Men at Work

The Next Time You Call for the Nurse on Duty, Don’t Be Surprised If a Man Answers

On one recent afternoon, Max Duran, RN, had his hands full in the KiDS of NYU Neonatal Intensive Care Unit (NICU) at NYU Langone Medical Center’s Tisch Hospital. Duran, one of 135 male nurses at the Medical Center, helped a new mother perform what’s called “kangaroo care,” bringing her two-pound son to nestle, skin to skin, on her chest. Another mom came in with a cooler containing packets of breast milk she’d pumped. Duran chatted with her briefly, then stored the milk in a refrigerator so he could feed the baby by bottle later that evening. After checking the vital signs of a struggling newborn girl, Duran held her gently in the crook of his left arm, swaddled in a soft blanket. “You get to bond with the babies here,” says Duran, who has worked in the unit since 2002. “You care for them as if they were your own.”

Max Duran, RN, is one of
the Medical Center’s 135 male
nurses, who account for 7.2%
of the nursing staff, slightly
higher than the national
average. 

For Duran, nurturing and protecting these most vulnerable of patients is part of a nursing career that began 13 years ago. At a time when women are flocking to once male-dominated professions like medicine and the law, men like Duran have discovered nursing. Nationally, male representation in the field has grown from 45,000 in 1980 to about 170,000 today, with men now comprising 6.6% of the nation’s nurses. NYU’s College of Nursing has seen a surge in male enrollments as well, with men representing 11% of its student body.

The recent economic downturn has attracted more men to the field, with its promise of job security, good pay and benefits, and multiple avenues for advancement, including such specialties as nurse practitioner and nurse anesthetist. They like the hours, too: three or four 12-hour shifts per week provide time for family obligations and recreational pursuits.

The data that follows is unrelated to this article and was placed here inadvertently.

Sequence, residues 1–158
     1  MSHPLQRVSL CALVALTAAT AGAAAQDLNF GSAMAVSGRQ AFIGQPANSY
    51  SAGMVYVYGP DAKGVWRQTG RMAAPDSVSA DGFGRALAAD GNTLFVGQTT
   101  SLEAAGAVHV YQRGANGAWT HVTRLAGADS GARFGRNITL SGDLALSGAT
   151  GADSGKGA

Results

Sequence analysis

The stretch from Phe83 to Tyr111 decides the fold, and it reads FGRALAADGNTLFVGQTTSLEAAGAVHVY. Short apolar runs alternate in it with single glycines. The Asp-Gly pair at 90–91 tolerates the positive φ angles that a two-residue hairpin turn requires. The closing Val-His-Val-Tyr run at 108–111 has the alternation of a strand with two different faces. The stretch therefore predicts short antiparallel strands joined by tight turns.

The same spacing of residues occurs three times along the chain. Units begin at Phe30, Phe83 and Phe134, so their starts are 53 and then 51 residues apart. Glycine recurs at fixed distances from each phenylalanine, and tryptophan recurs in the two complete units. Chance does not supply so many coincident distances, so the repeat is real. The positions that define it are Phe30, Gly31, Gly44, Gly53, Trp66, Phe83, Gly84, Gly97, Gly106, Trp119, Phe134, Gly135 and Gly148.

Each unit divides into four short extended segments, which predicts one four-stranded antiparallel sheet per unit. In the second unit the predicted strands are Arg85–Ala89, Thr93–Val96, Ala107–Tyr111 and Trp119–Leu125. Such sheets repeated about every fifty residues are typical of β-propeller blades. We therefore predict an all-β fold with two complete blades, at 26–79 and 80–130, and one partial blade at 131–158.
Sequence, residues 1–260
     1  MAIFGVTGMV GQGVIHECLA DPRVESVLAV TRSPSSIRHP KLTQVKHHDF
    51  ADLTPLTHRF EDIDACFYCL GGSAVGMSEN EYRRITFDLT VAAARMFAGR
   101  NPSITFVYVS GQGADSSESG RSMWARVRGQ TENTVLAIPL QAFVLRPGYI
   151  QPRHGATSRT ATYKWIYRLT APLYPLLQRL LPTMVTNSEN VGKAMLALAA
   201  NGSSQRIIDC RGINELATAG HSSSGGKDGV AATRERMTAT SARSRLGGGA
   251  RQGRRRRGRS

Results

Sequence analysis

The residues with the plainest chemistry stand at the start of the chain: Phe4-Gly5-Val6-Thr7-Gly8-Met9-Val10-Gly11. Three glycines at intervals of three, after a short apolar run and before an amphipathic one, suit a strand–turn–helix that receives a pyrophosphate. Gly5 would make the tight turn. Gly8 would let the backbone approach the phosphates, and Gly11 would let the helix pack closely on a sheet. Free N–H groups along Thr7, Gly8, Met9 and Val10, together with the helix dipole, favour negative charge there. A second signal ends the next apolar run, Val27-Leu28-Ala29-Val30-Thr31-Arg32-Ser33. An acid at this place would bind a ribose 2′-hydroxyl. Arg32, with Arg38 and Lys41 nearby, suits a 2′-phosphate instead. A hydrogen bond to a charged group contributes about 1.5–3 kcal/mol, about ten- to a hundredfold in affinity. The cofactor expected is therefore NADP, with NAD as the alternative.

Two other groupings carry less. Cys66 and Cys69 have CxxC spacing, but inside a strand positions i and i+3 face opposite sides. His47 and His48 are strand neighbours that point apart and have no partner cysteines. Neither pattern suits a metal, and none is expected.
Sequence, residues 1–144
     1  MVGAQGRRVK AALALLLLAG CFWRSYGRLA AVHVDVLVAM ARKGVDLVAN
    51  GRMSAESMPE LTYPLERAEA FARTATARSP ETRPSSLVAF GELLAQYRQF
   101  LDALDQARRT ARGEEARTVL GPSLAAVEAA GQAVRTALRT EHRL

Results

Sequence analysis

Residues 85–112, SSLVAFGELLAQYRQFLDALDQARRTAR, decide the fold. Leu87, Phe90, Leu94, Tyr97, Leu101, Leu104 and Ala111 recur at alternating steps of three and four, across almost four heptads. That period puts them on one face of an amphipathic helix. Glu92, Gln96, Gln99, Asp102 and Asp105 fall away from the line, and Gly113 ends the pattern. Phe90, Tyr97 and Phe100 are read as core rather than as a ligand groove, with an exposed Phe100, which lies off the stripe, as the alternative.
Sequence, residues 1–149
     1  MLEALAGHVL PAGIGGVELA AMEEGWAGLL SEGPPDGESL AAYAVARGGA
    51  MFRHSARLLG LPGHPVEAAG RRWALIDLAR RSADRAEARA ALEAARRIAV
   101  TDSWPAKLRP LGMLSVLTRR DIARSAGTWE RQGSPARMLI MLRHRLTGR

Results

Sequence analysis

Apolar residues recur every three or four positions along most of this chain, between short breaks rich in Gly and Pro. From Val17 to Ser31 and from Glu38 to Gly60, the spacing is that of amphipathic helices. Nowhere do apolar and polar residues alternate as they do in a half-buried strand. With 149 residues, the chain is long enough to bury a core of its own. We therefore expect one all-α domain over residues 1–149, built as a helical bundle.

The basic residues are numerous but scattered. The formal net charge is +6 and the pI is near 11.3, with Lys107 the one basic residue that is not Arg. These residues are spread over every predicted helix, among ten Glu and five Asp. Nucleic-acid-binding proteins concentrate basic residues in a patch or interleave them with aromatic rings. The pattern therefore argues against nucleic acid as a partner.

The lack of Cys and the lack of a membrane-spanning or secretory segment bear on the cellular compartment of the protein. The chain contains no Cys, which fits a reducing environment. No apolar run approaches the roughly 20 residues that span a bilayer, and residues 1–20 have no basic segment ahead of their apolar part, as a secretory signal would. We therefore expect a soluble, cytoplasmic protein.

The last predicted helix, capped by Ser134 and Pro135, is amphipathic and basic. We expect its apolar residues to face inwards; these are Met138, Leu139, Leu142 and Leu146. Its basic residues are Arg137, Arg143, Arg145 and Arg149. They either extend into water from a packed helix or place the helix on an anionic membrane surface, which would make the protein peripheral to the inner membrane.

At NYU Langone, men comprise 7.2% of the nursing staff, slightly higher than the national average. Kimberly Glassman, PhD, RN, senior vice president for patient care services and chief nursing officer, wants to recruit even more men. When male and female nurses work together, she says, a healthy dynamic evolves. “It creates a more balanced, open environment,” says Dr. Glassman.

On some units, like the NICU, Duran is the only man. On others, such as the Mary Lea Johnson Richards Organ Transplantation Center on 14 West, 8 of the 47 nurses are men—more than twice the Medical Center’s average.

The perception that nursing care is women’s work and that nurses serve as physicians’ handmaidens can deter men from considering the field. But some men say that stereotype is belied by the independence the job grants them—evaluating patient progress, making critical judgments about care, working with families, and collaborating with a host of other professionals.

As more men find their way to NYU Langone’s Department of Nursing, they are also working to change attitudes. Some men in the profession, for example, bristle at being called a “male nurse,” insisting that they don’t need to have their title modified by their gender. “I don’t call my attorney a ‘female lawyer,’ ” notes Frank Stryzcek, RN, senior nurse clinician at the Rusk Institute of Rehabilitation Medicine.

The power of language can influence attitudes, too. Ronald Keller, RN, senior director of nursing (cardiac and surgery), is working to eliminate gender-specific pronouns in nursing materials and everyday speech, where nurses are often referred to as “she” or “her.” He has raised the issue at hospital leadership councils, in conversation, and at a conference held by the American Nurses Credentialing Center. “Nursing care isn’t about gender,” he says. “It’s about outcomes. You provide a service for patients to get better, and you’re part of the life of somebody in need.”

 

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